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Indonesia on the way to universal health coverage: a first year review

Indonesia National Health Insurance (JKN)

Jaminan Kesehatan Nasional (JKN) is a national health insurance scheme launched by Indonesia in 2014. It covers 157 million people today and aims to provide universal health coverage to the whole population by 2019. What are the options to address JKN’s main challenges of financial sustainability and coverage effectiveness?

The JKN policy design and implementation have made remarkable progress in the first years, but naturally a reform of such a scope faces multiple challenges on the way. Some of the main questions concern the financial status of the scheme as well as its performance in terms of financial protection of JKN members. To have a better understanding of the reform status and derive recommendations for the Indonesian policy makers, a study titled "Financial Sustainability and Coverage Effectiveness of the JKN Programme: A First Year Review" was conducted in 2015. The policy briefs present the key findings of the study and an outlook for policy options ahead.

Policy Brief 1: Financial Sustainability of the National Health Insurance in Indonesia: A First Year Review

Title page JKN publication

In 2014 the JKN scheme exhibited a rather large financial deficit with a medical claim ratio of 115%. This policy brief presents an assessment of the medium-term financial sustainability of JKN over the next five years. In our actuarial analysis and projection of health service claim data we assume that there will be an increase in the number of JKN members, increased utilisation of health care services and moderately higher health care unit costs. Based on these assumptions, we project that the deficit incurred in 2014 will continue to grow in the next few years and that this trend may jeopardise the health insurance scheme.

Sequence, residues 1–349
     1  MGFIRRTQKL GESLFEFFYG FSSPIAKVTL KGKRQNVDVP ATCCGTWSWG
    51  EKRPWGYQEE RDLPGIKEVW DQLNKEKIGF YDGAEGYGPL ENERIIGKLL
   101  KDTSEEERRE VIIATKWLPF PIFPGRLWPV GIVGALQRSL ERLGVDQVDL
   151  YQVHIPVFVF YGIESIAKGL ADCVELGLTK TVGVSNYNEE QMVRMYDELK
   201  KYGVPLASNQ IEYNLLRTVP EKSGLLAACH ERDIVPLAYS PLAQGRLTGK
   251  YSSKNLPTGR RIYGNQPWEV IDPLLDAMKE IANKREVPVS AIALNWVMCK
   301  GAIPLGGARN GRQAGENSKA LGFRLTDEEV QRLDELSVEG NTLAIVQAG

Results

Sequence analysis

One short-term solution should be a re-evaluation and adjustment of the contribution rates. However, restoring a dynamic equilibrium between revenue and expenditure cannot solely rely on increasing revenues. To ensure the financial sustainability of JKN, a careful scrutiny of multiple factors, such as health care unit prices, and the implementation of reasonable cost-containment measures are necessary.


Policy Brief 2: Out-of-Pocket Payments in the National Health Insurance of Indonesia: A First Year Review

Title page OOP publication

This policy brief presents recent evidence on the scheme’s coverage effectiveness and the financial protection provided to JKN members. We conducted an empirical assessment of out-of-pocket (OOP) health payments incurred by JKN-insured patients in health facilities. The results show that on average, in 18% of cases patients still make OOP payments. Patients form households classified as poor suffer from the highest burden of OOP health spending (relative to their income). The major cost driver of OOP spending among various hospital services are medicines that patients purchase privately. Further details and policy options for policy makers to address the challenge of persistent OOP spending are presented below.



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